AMD Chart detailing new CPU series naming

(Image credit: AMD)

Benchleaks on Twitter (opens in new tab) shared Geekbench 5 benchmark (opens in new tab) results of a mysterious low-power Ryzen 7000 mobile Phoenix CPU (“Mayan-PHX” in this case) that was never announced during AMD’s press event at CES 2023. The new chip is called the Ryzen 5 7640U, featuring AMD’s bleeding edge Zen 4 architecture and an RDNA3 760M graphics engine. The chip will reportedly come with six cores, twelve threads, and a 4.9GHz boost clock if Geekbench 5’s spec sheet is true.

The new chip brought home a score of 1,869 points in the single-core benchmark, and a result of 8,853 points in the multi-core test. Compared to the chip’s predecessor, the Ryzen 5 6600U, the Ryzen 5 7640U is 33% faster in the single-core benchmark and 50% faster in the multi-core benchmark.

For reference, we took the first page of Ryzen 5 6600U results and averaged them out to a single score. This netted us a result of 1,404 points in single-core and 5,916 in multi-core. This helps track how the chip is performing overall, and factors in different notebook chassis where the chip might be operating in different power envelopes. However, keep in mind that Geekbench 5 scores aren’t a highly accurate way to measure real-world CPU performance.

Ryzen 5 7640U Geekbench 5 Benchmark Results

(Image credit: Geekbench)

AMD’s Ryzen 5 7640U is the first U-series part we’ve seen so far that features AMD’s Phoenix design language. Ironically, though the 7640U model name was used to represent AMD’s new nomenclature for its Ryzen mobile processors going forward, it was never announced as an actual SKU — it was only an example. Or so we thought.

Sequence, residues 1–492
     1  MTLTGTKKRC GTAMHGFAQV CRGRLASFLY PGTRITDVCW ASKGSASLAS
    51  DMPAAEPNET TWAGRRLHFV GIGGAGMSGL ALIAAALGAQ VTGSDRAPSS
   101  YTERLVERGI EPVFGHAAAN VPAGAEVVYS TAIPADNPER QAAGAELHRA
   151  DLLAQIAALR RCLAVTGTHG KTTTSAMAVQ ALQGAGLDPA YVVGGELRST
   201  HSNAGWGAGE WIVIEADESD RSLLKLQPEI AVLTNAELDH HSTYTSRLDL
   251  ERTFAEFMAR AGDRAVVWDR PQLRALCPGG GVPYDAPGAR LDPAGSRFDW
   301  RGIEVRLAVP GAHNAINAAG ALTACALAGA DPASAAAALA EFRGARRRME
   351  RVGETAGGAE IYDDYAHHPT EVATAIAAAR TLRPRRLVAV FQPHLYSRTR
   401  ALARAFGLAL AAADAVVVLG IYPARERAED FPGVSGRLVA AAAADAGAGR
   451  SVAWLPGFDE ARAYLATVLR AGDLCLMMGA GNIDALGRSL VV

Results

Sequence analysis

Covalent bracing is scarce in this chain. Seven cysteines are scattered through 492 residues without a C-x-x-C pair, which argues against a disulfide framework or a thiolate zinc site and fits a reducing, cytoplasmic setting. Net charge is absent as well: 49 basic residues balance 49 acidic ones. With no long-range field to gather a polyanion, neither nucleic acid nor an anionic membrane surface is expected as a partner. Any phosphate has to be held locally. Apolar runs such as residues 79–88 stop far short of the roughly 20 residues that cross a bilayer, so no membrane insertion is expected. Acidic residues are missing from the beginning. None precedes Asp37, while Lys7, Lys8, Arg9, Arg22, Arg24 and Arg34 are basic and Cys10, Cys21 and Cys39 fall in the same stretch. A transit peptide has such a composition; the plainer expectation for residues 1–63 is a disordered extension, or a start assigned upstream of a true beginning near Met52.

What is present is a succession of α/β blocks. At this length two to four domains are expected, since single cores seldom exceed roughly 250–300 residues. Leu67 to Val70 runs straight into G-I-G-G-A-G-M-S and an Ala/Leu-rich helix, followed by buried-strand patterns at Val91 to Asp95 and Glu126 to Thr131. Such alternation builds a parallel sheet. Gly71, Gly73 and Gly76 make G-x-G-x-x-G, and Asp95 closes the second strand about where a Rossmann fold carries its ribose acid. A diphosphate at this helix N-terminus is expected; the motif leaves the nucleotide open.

AMD’s Phoenix CPU design is the most-bleeding edge design in the Ryzen 7000 brand right now. The architecture includes AMD’s Zen 4 architecture that operates on TSMC’s 4nm manufacturing node, the smallest lithography brought to Ryzen so far. It’s also the only design to incorporate AMD’s new Radeon 700M series of RDNA 3 architecture integrated graphics units, which provide a healthy upgrade over the previous generation RDNA 2 solutions. On top of this, Phoenix is also the only Ryzen 7000 design today that includes optional support for AMD’s Ryzen AI engine.

The only chips AMD has announced in the Ryzen 7040 class so far are its HS SKUs, including the Ryzen 9 7940HS, Ryzen 7 7840HS, and Ryzen 5 7640HS. These all feature TDPs of 35–45W. AMD’s Ryzen 5 7640U meanwhile looks like it will be one of the first Zen 4 Phoenix-class chips to feature a TDP of 28W or less, due to the “U” series nomenclature.

If Geekbench 5’s numbers resemble any real-world performance figures, this chip will be a substantial upgrade over its Ryzen 5 6600U predecessor. AMD’s Phoenix-class of CPUs, among other mobile designs such as Rembrandt-R, Barcelo-R, and Mendocino, are slated to arrive this year, so we should see the 7640U-equipped notebooks very soon.

[GB5 CPU] Unknown CPUCPU: AMD Ryzen 5 7640U w/ Radeon 760M Graphics (6C 12T)Min/Max/Avg: 4710/4890/4868 MHzCPUID: A70F41 (AuthenticAMD)Scores, vs AMD 5800XSingle: 1869, +8.2%Multi: 8853, -17.6% 13, 2023

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Aaron Klotz is a freelance writer for Tom’s Hardware US, covering news topics related to computer hardware such as CPUs, and graphics cards.

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